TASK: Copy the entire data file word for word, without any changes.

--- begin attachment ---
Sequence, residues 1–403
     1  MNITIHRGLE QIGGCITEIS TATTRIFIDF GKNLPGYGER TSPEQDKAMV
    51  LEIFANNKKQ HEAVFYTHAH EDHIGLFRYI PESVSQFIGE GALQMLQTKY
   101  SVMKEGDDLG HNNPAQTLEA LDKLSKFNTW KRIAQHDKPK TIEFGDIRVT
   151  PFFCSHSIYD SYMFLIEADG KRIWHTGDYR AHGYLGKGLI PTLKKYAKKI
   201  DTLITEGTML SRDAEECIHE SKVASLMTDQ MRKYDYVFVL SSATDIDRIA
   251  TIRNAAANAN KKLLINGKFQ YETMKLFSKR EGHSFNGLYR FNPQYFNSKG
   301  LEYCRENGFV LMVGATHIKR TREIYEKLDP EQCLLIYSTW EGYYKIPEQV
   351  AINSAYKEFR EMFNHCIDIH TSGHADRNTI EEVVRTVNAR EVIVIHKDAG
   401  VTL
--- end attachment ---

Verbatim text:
Sequence, residues 1–403
     1  MNITIHRGLE QIGGCITEIS TATTRIFIDF GKNLPGYGER TSPEQDKAMV
    51  LEIFANNKKQ HEAVFYTHAH EDHIGLFRYI PESVSQFIGE GALQMLQTKY
   101  SVMKEGDDLG HNNPAQTLEA LDKLSKFNTW KRIAQHDKPK TIEFGDIRVT
   151  PFFCSHSIYD SYMFLIEADG KRIWHTGDYR AHGYLGKGLI PTLKKYAKKI
   201  DTLITEGTML SRDAEECIHE SKVASLMTDQ MRKYDYVFVL SSATDIDRIA
   251  TIRNAAANAN KKLLINGKFQ YETMKLFSKR EGHSFNGLYR FNPQYFNSKG
   301  LEYCRENGFV LMVGATHIKR TREIYEKLDP EQCLLIYSTW EGYYKIPEQV
   351  AINSAYKEFR EMFNHCIDIH TSGHADRNTI EEVVRTVNAR EVIVIHKDAG
   401  VTL